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Today Has No Bearing On Tomorrow

The day before the tournament:
Player: "Can you feed me one more ball?"
Coach: "Sure."

One more ball turns into 50 more balls. With each extra shot, the stress starts to build, striving for perfection. With the tournament just around the corner, everything has to be perfect. Any innocnent bystander can recognize the player is starting to overthink things, needing things to fall in place exactly how they imagined. The player hits 4 fantastic shots, then misses by one by a foot, "one more, one more." The missed shots were no big deal a week ago, but today, those irky "feeling" shots start to irratate the player.

Everyone starts to feel a little insecure the day before the tournament. Doubts start to creep in and its only natural. Don't give it any value, just be aware of it. The rookie player will keep asking for "one more coach, one more." The veteran player pays no attention to any poor play because they understand today has no bearing on tomorrow. A great practice doesn't guarantee a great tournament. Often times, it can be negative if one has the best week of practice leading up to the tournament (it doesn't have to be negative, unless you let expectations build).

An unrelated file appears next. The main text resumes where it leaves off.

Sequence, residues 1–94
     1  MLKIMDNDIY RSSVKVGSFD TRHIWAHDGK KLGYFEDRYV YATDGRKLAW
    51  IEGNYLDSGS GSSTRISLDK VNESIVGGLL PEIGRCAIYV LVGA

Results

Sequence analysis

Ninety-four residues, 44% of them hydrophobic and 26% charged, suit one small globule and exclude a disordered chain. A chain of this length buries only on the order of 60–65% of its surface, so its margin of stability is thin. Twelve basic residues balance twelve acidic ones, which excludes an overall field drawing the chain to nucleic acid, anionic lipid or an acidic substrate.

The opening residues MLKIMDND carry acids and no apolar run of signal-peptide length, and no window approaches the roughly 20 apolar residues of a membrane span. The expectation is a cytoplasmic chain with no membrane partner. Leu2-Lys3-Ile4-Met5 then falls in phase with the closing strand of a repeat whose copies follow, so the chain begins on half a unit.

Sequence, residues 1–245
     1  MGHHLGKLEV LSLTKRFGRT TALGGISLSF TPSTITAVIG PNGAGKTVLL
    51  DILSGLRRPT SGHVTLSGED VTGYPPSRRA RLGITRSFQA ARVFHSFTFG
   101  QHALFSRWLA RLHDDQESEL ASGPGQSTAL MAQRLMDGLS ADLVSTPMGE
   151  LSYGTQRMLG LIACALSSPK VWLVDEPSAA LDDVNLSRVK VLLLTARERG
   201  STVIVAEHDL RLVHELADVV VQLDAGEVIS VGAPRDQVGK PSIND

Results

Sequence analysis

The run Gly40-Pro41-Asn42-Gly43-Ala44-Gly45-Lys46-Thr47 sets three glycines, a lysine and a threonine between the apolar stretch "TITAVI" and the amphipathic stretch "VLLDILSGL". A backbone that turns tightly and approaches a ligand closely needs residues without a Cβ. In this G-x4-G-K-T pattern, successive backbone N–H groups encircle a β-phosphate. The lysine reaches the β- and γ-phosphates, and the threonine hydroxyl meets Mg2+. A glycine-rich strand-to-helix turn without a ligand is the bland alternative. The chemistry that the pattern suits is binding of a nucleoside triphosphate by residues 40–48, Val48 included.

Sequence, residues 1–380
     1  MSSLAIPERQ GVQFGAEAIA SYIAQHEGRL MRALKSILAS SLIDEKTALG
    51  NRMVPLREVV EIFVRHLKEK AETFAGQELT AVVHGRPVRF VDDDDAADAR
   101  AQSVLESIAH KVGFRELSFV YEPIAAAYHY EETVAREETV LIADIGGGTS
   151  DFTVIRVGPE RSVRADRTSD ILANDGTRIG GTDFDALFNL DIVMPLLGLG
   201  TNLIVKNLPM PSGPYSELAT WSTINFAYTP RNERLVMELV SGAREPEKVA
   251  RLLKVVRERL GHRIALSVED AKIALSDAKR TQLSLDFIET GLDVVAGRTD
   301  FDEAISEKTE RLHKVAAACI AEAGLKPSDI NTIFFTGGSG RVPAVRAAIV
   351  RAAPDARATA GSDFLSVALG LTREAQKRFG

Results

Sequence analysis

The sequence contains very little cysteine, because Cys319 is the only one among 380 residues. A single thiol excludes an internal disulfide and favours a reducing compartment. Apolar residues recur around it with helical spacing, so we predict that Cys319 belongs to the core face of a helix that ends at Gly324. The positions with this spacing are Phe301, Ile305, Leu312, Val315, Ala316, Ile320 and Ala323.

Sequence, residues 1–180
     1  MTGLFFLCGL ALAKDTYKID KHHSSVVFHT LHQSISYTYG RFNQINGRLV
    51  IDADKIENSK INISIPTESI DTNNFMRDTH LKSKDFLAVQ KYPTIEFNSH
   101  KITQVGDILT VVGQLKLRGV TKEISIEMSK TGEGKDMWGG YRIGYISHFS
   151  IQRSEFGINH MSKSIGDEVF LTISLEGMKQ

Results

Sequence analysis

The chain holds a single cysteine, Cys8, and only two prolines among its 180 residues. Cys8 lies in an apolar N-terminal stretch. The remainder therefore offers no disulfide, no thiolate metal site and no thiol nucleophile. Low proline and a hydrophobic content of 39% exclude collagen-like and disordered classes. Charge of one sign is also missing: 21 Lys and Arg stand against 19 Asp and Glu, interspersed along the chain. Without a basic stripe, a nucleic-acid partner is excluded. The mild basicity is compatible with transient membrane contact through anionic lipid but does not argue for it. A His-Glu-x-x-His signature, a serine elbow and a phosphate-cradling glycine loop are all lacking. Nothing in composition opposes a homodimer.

Sometimes the best tournaments are the ones where players have had a lot of adversity leading up to the event. Why? Low expectations and not needing things to be perfect. Tennis is a game about fighting, clawing, scratching to get your points- so just taking things as they come can really help a player relax and let their game come out.

The winning and losing in tennis is not controllable (if it were, you would win every match). This is why stress builds because one can never be certain of the outcome. If the match is a 50/50 match in your favor, the stress level is high. The player who needs things to be perfect is often times the player who loses- they overplay, berate themselves, and make poor decisions throughout the match. Emotions are flying out of control because they want to escape the stress. They want to get off the court (ie: tanking).

The next time you ask for "one more ball," please catch yourself. If you miss the last ball, call it a day. The sooner you can make peace with this type of reaction to a miss, the better off you will be.


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